Private School Students Will Undergo Mandatory Drug Testing For Fun and Profit
Drug testing: is there nothing it can't do? Remember when Florida was gonna drug test all the poors because they were poor and were foolish enough to apply for state aid and then everyone realized that living skeleton Governor Rick Scott was going to make large amounts of coin from the endeavor because his company was the only company that could perform drug tests? Good times.
The Florida thing turned out to be a failed venture, but at least one private school figured out that this would be a sweet way to humiliate children AND kick some cash over to the brother of the school president.
James Kubacki oversees St. Edward High School in Cleveland, and his brother, Raymond Kubacki, is president and CEO of Psychemedics, which claims at least $7 million in quarterly revenue. [...]
“Our primary focus is workplace drug testing,” Raymond Kubacki said last year. “Secondarily would be emerging markets, and one of those would be schools and colleges.” [...]
[T]he company will provide those services to three private schools in northeast Ohio, including St. Edward, that plan mandatory drug testing for all students starting next fall.
We're sure high school students are happy to be thought of as an "emerging market" for drug testing. This cool new plan calls for about 2800 kids to be tested at $40 bucks a pop. $112K isn't a bad amount of business to kick over to your brother. Generally, most nonprofit enterprises like private schools frown upon these sorts of nepotism shenanigans, but these guys are all like "conflict of interest? what conflict of interest?"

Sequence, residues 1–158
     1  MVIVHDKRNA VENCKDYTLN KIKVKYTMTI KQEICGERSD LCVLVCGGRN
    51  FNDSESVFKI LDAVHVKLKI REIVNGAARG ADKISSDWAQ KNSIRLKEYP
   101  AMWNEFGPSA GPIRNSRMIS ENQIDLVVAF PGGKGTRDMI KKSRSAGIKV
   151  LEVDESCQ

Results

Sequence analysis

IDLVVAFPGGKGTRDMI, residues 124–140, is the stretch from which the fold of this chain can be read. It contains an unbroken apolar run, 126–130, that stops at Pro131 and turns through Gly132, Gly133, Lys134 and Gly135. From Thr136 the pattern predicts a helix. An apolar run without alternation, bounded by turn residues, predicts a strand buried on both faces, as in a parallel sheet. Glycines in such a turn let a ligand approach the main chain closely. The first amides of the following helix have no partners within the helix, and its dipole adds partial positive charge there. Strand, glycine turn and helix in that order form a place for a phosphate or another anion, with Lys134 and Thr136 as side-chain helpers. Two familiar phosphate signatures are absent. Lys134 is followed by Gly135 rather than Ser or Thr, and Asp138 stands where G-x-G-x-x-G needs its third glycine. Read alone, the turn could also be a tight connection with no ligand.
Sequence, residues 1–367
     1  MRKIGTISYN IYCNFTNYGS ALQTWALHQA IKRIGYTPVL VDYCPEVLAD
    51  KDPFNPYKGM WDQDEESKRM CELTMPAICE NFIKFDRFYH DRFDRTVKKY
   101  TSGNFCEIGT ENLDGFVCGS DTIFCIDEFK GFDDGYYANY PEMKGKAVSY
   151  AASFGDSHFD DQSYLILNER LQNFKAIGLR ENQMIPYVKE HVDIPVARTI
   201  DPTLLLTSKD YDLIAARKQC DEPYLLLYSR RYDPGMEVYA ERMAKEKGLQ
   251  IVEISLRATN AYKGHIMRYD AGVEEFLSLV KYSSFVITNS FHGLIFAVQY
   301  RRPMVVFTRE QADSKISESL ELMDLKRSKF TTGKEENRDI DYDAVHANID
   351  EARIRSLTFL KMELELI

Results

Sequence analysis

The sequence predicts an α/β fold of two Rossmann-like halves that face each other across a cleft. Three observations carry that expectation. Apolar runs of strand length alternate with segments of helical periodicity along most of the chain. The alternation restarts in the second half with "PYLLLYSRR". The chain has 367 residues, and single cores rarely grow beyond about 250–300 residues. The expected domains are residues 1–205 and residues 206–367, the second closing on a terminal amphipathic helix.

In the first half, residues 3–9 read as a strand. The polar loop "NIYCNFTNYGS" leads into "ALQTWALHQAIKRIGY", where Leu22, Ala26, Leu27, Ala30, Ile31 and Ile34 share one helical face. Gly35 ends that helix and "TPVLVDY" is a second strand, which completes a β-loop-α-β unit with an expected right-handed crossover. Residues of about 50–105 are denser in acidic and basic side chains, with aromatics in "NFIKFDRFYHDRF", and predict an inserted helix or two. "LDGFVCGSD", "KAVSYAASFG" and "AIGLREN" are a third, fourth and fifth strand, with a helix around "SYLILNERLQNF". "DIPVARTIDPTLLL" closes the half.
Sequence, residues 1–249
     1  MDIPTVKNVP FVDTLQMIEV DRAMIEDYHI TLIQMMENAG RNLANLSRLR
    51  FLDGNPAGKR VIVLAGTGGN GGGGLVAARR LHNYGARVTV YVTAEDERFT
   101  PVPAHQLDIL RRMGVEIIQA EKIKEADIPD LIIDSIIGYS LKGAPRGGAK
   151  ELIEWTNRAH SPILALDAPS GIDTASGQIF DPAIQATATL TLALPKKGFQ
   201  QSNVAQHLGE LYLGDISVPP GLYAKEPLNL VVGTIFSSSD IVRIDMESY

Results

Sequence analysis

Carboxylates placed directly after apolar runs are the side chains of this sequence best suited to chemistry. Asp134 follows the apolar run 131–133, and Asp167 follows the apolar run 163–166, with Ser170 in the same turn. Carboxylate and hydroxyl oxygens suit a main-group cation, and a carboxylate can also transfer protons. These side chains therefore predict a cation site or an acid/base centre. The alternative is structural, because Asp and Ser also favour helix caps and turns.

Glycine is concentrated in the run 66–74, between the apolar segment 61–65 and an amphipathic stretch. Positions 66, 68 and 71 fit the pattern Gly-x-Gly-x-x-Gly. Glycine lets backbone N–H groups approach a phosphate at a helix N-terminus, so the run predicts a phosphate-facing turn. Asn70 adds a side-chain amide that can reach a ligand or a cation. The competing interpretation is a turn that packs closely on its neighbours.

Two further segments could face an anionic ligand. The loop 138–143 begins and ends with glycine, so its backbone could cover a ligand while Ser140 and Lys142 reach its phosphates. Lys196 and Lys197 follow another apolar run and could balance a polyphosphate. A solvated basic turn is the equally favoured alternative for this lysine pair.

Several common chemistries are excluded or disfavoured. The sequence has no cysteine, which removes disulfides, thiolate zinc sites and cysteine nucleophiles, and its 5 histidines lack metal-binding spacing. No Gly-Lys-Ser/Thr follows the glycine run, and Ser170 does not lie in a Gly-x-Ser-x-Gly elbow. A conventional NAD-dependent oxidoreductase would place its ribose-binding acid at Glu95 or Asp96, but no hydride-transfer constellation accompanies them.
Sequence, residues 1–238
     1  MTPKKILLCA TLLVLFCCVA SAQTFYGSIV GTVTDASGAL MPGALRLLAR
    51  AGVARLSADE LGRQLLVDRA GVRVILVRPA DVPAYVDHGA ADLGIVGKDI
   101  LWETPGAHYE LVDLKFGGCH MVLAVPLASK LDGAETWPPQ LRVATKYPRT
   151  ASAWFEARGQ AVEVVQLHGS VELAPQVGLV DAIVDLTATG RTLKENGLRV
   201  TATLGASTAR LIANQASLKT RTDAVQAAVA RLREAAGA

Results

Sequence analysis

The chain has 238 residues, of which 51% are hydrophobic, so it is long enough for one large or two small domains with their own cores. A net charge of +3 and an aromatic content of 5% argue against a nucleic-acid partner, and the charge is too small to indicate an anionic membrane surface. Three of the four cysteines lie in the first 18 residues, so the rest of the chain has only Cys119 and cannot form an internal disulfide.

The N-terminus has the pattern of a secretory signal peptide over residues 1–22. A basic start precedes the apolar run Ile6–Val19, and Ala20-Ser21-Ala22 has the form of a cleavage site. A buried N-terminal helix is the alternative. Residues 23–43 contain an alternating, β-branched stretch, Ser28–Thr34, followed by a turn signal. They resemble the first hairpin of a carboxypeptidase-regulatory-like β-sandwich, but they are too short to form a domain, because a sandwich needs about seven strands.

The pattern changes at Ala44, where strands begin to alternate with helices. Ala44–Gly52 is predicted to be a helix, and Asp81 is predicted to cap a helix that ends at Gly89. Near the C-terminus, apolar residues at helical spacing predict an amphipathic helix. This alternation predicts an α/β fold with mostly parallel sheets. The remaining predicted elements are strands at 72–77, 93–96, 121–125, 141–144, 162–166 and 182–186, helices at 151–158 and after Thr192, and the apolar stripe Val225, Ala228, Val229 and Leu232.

[VP of Admissions K.C.] McKenna admits the school’s president knew a little more about the company his brother had overseen since 1991, but [he] said James Kubacki’s “brother being CEO of that company in no way led to us making the decision to use Psychemedics.”
School officials did not notify parents of the relationship between the school president and the company’s CEO, but they said committee members from all three schools were aware of the possible conflict of interest.
“How we picked the company isn’t of interest to high school boys,” said Lisa Metro, spokeswoman for St. Ignatius. “They’re more interested in how it’s going to play out to them.”
Funny thing: high school boys usually aren't the people most qualified to decide if something is a sleazy conflict of interest. Who knew?
Mandatory drug testing is banned in public schools, but private schools are a rich exciting new investment opportunity for those looking to turn children into involuntary consumers of drug testing, especially if your brother needs some extra scratch. Everybody wins!